Marijuana Legalization

Zaquex's picture


It's your chance, choice, and say that matter if we should legalize marijuana in San Francisco.
Now that marijuana has been formally endorsed by San Francisco's Democratic Party, what are your opinions?
Galomorro's picture

Fine with me

I'm sure I wouldn't be able to afford it myself but it could help with balancing the budget a lot if it were taxed like tobacco and alcohol are. It appears to cause less health problems than tobacco and alcohol and has been proven to help people with certain health problems. Why not look at how Amsterdam handles this substance. 

Lucy in the sky's picture


Listen I know that there is the tax incentive that it can bring in not just the city but the state.  I understand that there are people who should be entitled to rights to use it when medically necessary.  But I'm unsure as to what this all would mean.  About a month ago there were two robberies one person killed and another hurt in Los Angeles (Echo Park) area.  These incidents occurred in legal marijuana shops.  My biggest fear is; will these types of incidents be happening her?

gcotter's picture

Decriminalization of victimless crimes

 I think marijuana should be legalized but I think it should be as controlled as any potent substance.  In the same way that alcohol lists the percent of alcohol content on the container, then marijuana should list the strength of THC in it.  In the same way any product should list "contents" then marijuana packages should list contents - either "100% marijuana" or "80% marijuana, 20% cigarette tobacco" or whatever.  It should have the same list of warnings as found on any OTC medication - "warning, may cause drowsiness or impair judgement.  Do not drive for 60 minutes after using."

My concern is that it will be "legal" without sufficient prudent regulations.  It should be legal but not just sold on every street corner by anyone with a stash.  It should be packaged for sale similar to tobacco products, and packages should be tested for additives, adulterants, pesticides and contaminants.  If current medical marijuana sales do not provide the required labeling, then they should as part of the legalization.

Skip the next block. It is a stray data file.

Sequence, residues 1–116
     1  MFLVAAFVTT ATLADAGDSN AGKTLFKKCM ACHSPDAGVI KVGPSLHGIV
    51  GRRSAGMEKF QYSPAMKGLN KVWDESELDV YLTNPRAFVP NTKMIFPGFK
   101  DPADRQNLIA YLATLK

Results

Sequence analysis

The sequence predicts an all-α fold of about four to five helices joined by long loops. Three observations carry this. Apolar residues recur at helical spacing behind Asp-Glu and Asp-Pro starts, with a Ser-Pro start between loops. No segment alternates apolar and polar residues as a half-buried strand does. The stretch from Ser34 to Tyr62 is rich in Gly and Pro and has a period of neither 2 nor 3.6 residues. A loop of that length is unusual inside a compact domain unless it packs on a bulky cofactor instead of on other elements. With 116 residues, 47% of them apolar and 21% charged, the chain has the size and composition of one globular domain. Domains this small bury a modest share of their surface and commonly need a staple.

I believe all victimless crimes should be legalized so that it can be taxed and made safe.  Prohibition resulted in lost taxes, bathtub gin that blinded and killed people, and mob involvement.  Legalizing marijuana and other recreational drugs would make them taxable, safe, and get rid of drug gangs.  Even though I reject recreational drugs such as Ecstasy, leaving them illegal means that young people get contaminated drugs and die at raves, parties, etc.  At least legalization gives the opportunity to make drugs safe.  Kids WILL drink, but at least they don't die from bathtub gin. Kids WILL take drugs it would be best to reduce the risk and get rid of the gang involvement.

As for the recent robberies mentioned above, I think there are two causes:  1) because marijuana is illegal, obtaining it will often be done through illegal means.  When Dillinger was asked why he robbed banks, he replied: "That's where the money is."  The other cause is simple: we live in dangerous times.  We read every day about robberies of mom and pop stores, liquor stores, etc.  Any place that has something that a robber wants is at risk for robbery.  Doesn't matter what the store sells.

Galomorro's picture

Common sense!

Gcotter - you're so right. What you said is just good common sense. I'd be in favor of all of this.

Lucy in the sky's picture


I think your points are valid GScotter but even you acknowledge that although marijuana may be legalized, regulating it does not mean that even when things are controlled "Any place that has something that a robber wants is at risk for robbery.  Doesn't matter what the store sell" Case in point legalizing marijuana will not make it readily available to everyone - in fact if I understand correctly it would legalized for those with a medical need.  Therefore leaving it still illegal to those who want to use as a recreational drug.  Please correct me if I'm wrong but this is my understanding.